Recap: Penguin Random House National Book Bloggers Forum 2014 Part Two #NBBF14

Welcome to part two of my recap of the Penguin Random House National Book Bloggers Forum which was held in Sydney on May 20th. Here is a list of the bloggers that attended. You should check them out and discover some amazing Aussie blogs. Interestingly, there was only one male blogger among us.

In part one I shared with you what we did up until lunch time. After lunch (12.55pm) we had a surprise guest author.

And the author was:

– Judy Nunn!


Judy talked to us about her latest book Elianne, and where the inspiration for it came from. She also talked a little bit about her writing process. I was really impressed with her, she spoke so well, probably helps to be an actress! Hearing her speak about Elianne made me want to read it and just as well because she told us we were getting a signed copy! I wasn’t the only one pleased to hear it 🙂


After Judy, (around 1.35pm) debut Australian author Bruce McCabe talked about his exciting new techno-thriller Skinjob.

Skinjob was one of the free books we got in our goodie bag. I didn’t think the book would be for me – the title was a turn off – but after hearing Bruce talk about it, I think I will enjoy it.
Skinjob is set in the near future and explores how developing technology affects us, and from my understanding one of the main technologies in the book is a handheld lie detector test that police want to carry around.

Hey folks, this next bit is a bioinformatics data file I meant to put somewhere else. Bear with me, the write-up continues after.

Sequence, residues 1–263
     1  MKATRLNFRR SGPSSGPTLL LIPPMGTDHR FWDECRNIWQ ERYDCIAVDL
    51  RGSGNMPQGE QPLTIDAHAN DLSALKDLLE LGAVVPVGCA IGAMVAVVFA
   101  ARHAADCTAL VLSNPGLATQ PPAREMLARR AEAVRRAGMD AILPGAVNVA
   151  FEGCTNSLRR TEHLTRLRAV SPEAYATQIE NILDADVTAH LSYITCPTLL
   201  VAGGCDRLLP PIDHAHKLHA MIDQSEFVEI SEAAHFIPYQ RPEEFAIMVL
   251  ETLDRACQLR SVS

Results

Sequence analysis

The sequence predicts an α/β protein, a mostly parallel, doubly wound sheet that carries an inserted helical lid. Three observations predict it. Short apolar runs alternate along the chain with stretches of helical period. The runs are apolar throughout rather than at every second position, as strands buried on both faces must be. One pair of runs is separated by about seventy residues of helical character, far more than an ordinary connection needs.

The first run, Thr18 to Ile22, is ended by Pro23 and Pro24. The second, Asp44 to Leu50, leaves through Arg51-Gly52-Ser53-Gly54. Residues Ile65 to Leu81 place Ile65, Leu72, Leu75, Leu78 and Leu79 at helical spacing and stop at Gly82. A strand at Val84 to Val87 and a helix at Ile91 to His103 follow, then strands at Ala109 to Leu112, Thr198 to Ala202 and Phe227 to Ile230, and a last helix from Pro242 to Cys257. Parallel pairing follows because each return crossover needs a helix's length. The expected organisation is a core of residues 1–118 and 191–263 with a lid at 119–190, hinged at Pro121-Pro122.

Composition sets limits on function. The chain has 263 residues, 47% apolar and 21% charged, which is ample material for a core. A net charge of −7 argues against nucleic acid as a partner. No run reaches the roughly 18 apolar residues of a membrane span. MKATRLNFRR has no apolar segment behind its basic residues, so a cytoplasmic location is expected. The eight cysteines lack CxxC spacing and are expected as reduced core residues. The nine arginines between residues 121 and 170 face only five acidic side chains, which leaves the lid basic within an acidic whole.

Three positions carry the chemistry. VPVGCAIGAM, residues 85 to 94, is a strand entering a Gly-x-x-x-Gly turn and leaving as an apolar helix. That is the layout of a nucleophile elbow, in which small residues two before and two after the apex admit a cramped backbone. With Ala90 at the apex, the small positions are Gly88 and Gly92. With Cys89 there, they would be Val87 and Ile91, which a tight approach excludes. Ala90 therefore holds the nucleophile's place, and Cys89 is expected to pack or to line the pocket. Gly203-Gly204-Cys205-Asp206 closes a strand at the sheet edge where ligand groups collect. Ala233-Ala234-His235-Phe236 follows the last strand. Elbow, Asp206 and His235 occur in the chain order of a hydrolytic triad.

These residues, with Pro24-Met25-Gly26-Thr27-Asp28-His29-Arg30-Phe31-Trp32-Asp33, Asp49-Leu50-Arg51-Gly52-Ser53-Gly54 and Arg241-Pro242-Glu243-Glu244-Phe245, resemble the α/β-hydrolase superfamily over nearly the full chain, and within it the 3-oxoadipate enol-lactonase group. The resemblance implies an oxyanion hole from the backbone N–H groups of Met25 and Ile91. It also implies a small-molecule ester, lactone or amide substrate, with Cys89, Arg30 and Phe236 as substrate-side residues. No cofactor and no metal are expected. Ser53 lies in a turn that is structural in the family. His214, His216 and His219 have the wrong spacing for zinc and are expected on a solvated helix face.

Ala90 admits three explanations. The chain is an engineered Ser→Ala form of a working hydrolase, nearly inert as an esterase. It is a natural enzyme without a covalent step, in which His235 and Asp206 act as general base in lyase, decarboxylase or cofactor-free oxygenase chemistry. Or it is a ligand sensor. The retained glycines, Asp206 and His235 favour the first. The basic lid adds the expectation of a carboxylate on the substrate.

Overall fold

Bruce worked in the field of science and innovation. He likes to answer “what if” questions, which is how Skinjob came about.
He said it is a little bit provocative and an anti-exploitation novel.
Skinjob was originally self-published.He managed to get printed copies into book stores around Sydney and that’s how it took off. He was glad he did this first.
Skinjob releases next month.

We went a bit over time with Bruce so we had a really short afternoon tea break. We then heard from Random House Australia Managing Editor Brandon VanOver on how to get published.
I was really excited about this talk, but we were running late so Brandon had to rush through it.
He said publishing was hook driven and there is no time to nurture newbies. But a great idea will find an audience.
He said don’t be gimmicky with your proposal, be confident and don’t be too cute with it.
He also said to write and read your butt off.

Next up the Random House Australia publicity team talked about the international books they are most excited about this year:

Cop town by Karin Slaughter. Coming out in July.
-Courting Trouble by Kathy Lette.
Bones Never Lie by Kathy Reichs.
Personal by Lee Child. Coming out in September.
-Time and Time Again by Ben Elton.

Sapiens: A Brief History Of Human Kind by Yuval Noah Harari.
-Plenty More by Yotam Ottolenghi. Out in September.
So Anyway by John Cleese.
-Messiah Complex by Russell Brand. Coming out in November.
Colorless Tsukuru Tazaki and His Years of Pilgrimage by Haruki Murakami
Perfidia by James Ellroy. Coming out in September.
The Children Act by Ian McEwan.

And the YA.
If I Stay by Gayle Forman.

And the one I was most excited about…


The Iron Trial, Magisterium 1 by Cassandra Clare and Holly Black.
The publicist actually held a copy in her hand! (Sorry the pictured is blurred.)